The 2023 Australasian Investor Relations Association’s (AIRA) annual conference, which took place in Sydney this year, focused on all things ESG.
The two-day event carried the strapline ‘IR fundamentals – moving from polycrisis to polyinnovation’, with sessions and presentations specifically taking into account the increasing pressures and responsibilities IROs face on ESG today, including data-collection challenges, ESG reporting and ESG engagement strategies.
One session, led by Dr Alan Dupont, chief executive of Cognoscenti, offered attendees an economic outlook considering the contributing factors that will play a crucial role in reshaping the global economy. Dupont argued that as ideological divisions divide the world and geopolitical risk escalates, the world is facing a ‘polycrisis’. But what does that mean?
Defining the word
‘When we think about crisis, we tend to think about it in singular terms: a single crisis such as 9/11, the global financial crisis, the [Covid-19] pandemic,’ Dupont explained. ‘These are big systems-shaking events and, of course, we worry about them. But what we are talking about today is something quite different.’
He referred to the World Economic Forum’s Global Risks Report 2023, which defines a polycrisis as ‘a cluster of related global risks compounding effects, such that the overall impact exceeds the sum of each part’.
‘We are talking about multiple connected crises, where the consequences are greater than each of the crises themselves,’ Dupont added.
The key macroeconomic risks facing businesses and impacting and influencing investment decisions are:
- The war in Ukraine
- US-China tensions
- The tech war.
All these factors are contributing to a ‘paradigm shift’ that for business means extended periods of volatility.
‘[This means volatility] not just for six or 12 months, but for 10 or 20 years before the new system comes out and stabilizes,’ Dupont stated. ‘We are not going to go back to the way it was before. This is the new world, and all these changes are accelerating, not slowing.’
Should it be ESGG?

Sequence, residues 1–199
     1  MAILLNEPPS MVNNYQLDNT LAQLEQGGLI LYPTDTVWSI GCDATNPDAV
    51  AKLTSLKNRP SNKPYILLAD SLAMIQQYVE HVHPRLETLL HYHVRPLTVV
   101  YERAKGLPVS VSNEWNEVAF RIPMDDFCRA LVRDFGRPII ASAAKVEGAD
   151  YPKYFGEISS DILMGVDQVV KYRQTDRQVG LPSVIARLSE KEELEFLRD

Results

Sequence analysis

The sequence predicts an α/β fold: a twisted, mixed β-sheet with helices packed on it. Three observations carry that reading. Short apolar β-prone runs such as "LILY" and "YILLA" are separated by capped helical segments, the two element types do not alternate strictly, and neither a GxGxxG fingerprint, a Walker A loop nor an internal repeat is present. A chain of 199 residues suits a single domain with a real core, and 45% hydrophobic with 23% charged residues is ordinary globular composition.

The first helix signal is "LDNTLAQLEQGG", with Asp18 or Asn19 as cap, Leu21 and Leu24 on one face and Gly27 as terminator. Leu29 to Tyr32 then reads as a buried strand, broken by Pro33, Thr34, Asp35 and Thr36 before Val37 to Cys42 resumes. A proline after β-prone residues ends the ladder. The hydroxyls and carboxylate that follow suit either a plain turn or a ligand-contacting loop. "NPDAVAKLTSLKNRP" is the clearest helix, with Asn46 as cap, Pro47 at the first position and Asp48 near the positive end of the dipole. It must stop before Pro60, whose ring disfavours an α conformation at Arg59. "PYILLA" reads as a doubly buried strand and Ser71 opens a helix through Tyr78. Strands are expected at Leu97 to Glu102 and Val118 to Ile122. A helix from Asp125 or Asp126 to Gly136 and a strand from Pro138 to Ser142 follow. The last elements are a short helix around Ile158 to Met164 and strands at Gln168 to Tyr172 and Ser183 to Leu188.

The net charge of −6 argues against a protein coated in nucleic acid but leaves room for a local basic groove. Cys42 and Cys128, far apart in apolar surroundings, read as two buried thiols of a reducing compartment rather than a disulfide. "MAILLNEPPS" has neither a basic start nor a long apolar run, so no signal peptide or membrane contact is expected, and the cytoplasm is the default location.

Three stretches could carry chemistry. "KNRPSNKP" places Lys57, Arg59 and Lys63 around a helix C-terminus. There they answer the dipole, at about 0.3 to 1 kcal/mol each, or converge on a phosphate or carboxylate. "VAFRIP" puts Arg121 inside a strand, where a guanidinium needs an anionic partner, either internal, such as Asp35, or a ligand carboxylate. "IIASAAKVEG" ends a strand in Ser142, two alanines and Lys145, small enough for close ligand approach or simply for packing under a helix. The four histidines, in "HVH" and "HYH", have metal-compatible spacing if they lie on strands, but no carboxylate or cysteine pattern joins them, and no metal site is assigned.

Addressing the ESG acronym, Dupont argued that it should be ESGG, with the last letter of the acronym standing for ‘geopolitical risk’. ‘Geopolitics and geopolitical risks now have to be part of the equation,’ he said.
Expanding on the relevance of geopolitics to the acronym, Dupont invited attendees to consider that the US and other western countries ‘have weaponized ESG against China’.
On sustainability matters, Dupont noted that while Australia cannot produce things as cheaply as China, it can do so in a more ‘environmentally sensitive way’ and in accordance with ‘higher labor standards’.
‘We are world-class in these areas of ESG,’ he said. ‘Countries in Europe won’t buy certain things from China anymore, even though they’re cheaper, because they don’t meet the ESG standards of the democracies. And the US government is now deliberately starting to play that card, because that’s the comparative advantage for the West.’
Medium and long-term outlook
When it comes to risks and challenges facing Australian companies and IROs, Dupont highlighted uncertainty and strategic volatility as the top two issues over the next three years. As US-China tensions escalate, he also said the chances of a war over Taiwan could have an impact on Australia.
Inflation he defined as ‘truly out of the box’ in Australia and pointed out that inflation is exacerbated by all these macro events, making it very difficult for the country to manage it.
Lastly, Dupont addressed the energy transition. ‘It’s not just a question of how we phase out gas over three or five years,’ he explained. ‘If we do that, what will be the impact on some of the buyers of our gas, like Japan? You can see how geopolitics is getting intertwined with economic, business and government decision-making around these issues.’